By Henry Bagdasarian
The gated community where I live implemented an RFID system or Radio-Frequency Identification for gate entry. In the past, the residents of my community entered a four digit code to raise the security bar and used a remote control to open the big iron gate. The security problem with this type of access to the community was that residents shared the four digit code with their friends and family and purchased additional remote controls to allow non-residents to enter the community without registering with the community security personnel.
As the security of access to our community became somewhat out of control and the Homeowners Association had excess cash in their annual budget, the community decided to invest the extra cash in a better gate security system and assumed the cost of the RFID technology. The association selected the RFID system as the technology to control our gate entry because RFID security is much more superior compared to the security our old system provided. So, they picked a RFID company to implement the technology and provided RFID tags to all residents to be installed inside their vehicles at the top of the windshield. I like the RFID gate entry technology because no longer do I need to roll my car window down in a rainy day to enter the code at the community entrance, however, as you may have guessed, we now have to address the new challenges related to RFID security. Also, the RFID technology just like any other technology is not error free and from time to time, the gates would not open for whatever reason.
Let’s further discuss the RFID technology and its security risks:
What is RFID? RFID consists of a RFID reader, RFID antenna and RFID tag. The tag has stored information relevant to the identity of the object, person, animal or any thing else where the tag has been incorporated. The reader uses the information embedded in the tag to identify the object or the person through radio waves. The RFID range capacity differs from one RFID system to another and can be set to desired distances from a few inches to a few feet away from the RFID reader.
RFID tags can be passive, active or semi-active which are battery assisted. Without going too deep into the details of the RFID technology, passive tags are the ones that were installed in my community. Passive RFID tags have no internal power supply. The electrical current induced in the antenna by the incoming radio frequency signal provides just enough power for the tag to power up and transmit a response. Most passive tags signal by backscattering the carrier wave from the reader. The antenna is designed both to collect power from the incoming signal and also to transmit the outbound signal.
The RFID system has been widely used for many reasons including RFID passports also known as e-passports to keep track of a person’s travel history, although, the photo page still includes the photo and physical characteristics of the person. The technology has also been used for inventory tracking such as books in the library, student cloths and backpacks, animal and person identification, supply chain management, toll collection and electronic payments, and vehicle identification for gate entry.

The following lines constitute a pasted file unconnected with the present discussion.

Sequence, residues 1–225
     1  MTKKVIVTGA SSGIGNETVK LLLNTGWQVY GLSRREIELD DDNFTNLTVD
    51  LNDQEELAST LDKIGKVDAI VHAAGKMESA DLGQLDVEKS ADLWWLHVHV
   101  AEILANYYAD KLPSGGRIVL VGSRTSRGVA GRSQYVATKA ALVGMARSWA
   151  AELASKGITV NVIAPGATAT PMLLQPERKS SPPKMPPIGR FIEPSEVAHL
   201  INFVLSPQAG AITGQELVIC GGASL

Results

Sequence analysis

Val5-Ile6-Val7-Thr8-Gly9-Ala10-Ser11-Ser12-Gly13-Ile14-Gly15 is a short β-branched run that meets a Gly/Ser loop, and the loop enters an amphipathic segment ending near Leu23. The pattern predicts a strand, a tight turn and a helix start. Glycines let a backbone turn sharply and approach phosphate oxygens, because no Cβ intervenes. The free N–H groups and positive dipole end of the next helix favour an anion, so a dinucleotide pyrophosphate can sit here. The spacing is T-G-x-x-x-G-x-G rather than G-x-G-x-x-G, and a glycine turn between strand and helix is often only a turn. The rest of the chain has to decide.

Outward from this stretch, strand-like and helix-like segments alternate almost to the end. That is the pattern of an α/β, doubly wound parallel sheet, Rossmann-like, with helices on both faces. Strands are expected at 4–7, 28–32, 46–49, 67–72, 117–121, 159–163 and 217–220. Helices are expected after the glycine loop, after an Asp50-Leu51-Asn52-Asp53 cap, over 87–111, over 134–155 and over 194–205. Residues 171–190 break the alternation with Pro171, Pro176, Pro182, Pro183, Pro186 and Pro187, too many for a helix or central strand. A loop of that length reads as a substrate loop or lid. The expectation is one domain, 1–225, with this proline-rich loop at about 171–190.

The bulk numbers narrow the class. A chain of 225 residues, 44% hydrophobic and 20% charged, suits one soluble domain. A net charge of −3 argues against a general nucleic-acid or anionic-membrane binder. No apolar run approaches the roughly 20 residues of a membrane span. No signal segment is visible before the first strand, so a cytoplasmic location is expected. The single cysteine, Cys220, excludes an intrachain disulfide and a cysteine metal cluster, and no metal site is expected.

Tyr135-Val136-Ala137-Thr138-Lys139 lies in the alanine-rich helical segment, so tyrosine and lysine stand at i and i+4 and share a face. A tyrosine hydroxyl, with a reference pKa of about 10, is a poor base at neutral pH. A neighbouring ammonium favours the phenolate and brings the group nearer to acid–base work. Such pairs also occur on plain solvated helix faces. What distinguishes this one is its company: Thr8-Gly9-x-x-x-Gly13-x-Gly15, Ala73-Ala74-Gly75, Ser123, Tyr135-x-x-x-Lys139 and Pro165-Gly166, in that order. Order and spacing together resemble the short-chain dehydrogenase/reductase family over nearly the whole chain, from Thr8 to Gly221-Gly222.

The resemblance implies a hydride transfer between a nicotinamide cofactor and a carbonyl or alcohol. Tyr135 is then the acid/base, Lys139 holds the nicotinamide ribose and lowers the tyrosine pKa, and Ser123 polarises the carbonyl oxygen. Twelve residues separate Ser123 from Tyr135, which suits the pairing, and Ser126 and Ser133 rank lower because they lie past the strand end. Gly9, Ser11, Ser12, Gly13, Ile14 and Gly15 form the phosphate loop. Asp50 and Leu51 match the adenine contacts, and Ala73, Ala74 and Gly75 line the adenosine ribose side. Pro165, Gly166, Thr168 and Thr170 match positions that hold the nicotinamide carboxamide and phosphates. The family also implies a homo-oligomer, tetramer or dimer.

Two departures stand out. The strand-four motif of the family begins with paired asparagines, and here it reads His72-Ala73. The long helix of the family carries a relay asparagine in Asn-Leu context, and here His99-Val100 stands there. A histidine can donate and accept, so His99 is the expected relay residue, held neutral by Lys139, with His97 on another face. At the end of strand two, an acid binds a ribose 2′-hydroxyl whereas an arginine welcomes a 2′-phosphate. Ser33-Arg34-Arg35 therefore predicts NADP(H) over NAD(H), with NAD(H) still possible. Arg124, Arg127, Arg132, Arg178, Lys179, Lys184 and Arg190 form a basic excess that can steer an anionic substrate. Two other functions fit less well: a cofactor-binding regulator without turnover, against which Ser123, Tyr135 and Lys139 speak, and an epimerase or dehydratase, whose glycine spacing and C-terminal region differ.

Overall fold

As I mentioned, RFID security poses new sets of challenges. Aside from availability risk, which appears to be a more common risk than traditional identification and access systems such as my old gate entry system, the main security risk is the unauthorized identification. With our old gate entry system, unauthorized access was limited to the residents’ friends and family members who were willingly shared access, however, with RFID, unauthorized access is granted to whomever possesses the RFID tag.
A recent event confirmed my risk analysis. I was told that a valet parking person working for a wedding hall took control of a guest’s car during the wedding and drove to the guest’s house and stole all valuables in the house. I’m not sure how the thieves discovered the guest’s home address, possibly via a mail left in the car, however, with the installed RFID tag, a garage door opener in the car, and home keys attached to the car key, the home robbery was easy while neighbors would be less suspicious with the resident’s car parked in the front of the house or in the garage during the robbery.
The best RFID security solution would be to disable the RFID tags while the RFID tag is out of our control for an extended period of time such as when our RFID tagged car is dropped off within the proximity of our homes for car repairs and valet parking. I acknowledge how inconvenient this might become when others manage the RFID system or when our RFID tags are sticked to the windshield, but balancing improved and convenient security technology with reduced security technology risks is sometimes challenging. In the case of our community, the installation of the RFID technology improved prior security challenges and made it more convenient for the residents, however, it introduced additional security risks.
Being able to remove the RFID tags has advantages and disadvantages. On the positive side, tags can be removed when the car is left unattended, but tags can also be lost if they are removed which can add more security risks. I guess the combination of RFID tags and our old system's 4 digit code might be the best security option.
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